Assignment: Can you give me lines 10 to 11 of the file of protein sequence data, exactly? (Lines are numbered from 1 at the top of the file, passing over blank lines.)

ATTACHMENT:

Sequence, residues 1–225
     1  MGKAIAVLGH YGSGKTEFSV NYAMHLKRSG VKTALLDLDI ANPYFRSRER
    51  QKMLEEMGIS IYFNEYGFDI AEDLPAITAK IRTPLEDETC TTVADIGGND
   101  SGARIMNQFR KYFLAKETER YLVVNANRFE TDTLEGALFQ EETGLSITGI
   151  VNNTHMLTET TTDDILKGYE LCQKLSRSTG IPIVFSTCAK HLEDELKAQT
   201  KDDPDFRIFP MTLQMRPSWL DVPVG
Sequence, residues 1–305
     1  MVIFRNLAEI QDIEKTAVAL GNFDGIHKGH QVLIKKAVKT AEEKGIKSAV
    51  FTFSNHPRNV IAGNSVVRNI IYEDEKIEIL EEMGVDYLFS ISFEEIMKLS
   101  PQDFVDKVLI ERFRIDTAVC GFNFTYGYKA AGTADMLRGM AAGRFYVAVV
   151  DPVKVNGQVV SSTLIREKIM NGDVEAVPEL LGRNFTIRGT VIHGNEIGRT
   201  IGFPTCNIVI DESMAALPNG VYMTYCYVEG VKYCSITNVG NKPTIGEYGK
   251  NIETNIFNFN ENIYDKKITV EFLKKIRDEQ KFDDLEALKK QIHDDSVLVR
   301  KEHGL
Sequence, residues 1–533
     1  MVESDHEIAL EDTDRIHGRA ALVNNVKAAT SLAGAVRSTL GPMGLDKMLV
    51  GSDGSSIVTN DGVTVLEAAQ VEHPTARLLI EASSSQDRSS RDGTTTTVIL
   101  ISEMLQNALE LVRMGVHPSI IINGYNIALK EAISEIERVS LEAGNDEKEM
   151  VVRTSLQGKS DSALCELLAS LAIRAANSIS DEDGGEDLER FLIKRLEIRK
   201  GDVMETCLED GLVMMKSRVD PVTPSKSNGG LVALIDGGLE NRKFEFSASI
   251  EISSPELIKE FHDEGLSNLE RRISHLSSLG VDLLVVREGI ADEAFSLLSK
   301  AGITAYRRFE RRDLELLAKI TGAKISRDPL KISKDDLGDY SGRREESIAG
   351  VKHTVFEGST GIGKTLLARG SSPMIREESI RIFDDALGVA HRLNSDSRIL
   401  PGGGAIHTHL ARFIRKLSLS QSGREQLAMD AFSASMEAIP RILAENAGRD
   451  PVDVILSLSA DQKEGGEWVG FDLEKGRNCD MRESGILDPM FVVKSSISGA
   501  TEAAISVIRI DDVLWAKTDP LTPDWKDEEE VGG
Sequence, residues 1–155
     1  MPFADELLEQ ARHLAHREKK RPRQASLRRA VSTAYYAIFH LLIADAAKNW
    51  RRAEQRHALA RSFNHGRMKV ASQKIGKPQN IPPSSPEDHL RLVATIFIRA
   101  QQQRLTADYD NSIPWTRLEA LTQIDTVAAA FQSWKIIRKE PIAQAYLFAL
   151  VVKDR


   101  PQDFVDKVLI ERFRIDTAVC GFNFTYGYKA AGTADMLRGM AAGRFYVAVV
   151  DPVKVNGQVV SSTLIREKIM NGDVEAVPEL LGRNFTIRGT VIHGNEIGRT